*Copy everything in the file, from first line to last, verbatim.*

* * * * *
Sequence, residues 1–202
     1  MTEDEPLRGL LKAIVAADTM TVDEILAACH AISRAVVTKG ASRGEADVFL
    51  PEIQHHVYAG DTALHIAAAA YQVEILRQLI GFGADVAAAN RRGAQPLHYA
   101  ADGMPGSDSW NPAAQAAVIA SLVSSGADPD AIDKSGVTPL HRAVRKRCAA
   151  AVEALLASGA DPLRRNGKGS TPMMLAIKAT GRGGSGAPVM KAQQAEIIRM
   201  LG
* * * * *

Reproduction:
Sequence, residues 1–202
     1  MTEDEPLRGL LKAIVAADTM TVDEILAACH AISRAVVTKG ASRGEADVFL
    51  PEIQHHVYAG DTALHIAAAA YQVEILRQLI GFGADVAAAN RRGAQPLHYA
   101  ADGMPGSDSW NPAAQAAVIA SLVSSGADPD AIDKSGVTPL HRAVRKRCAA
   151  AVEALLASGA DPLRRNGKGS TPMMLAIKAT GRGGSGAPVM KAQQAEIIRM
   201  LG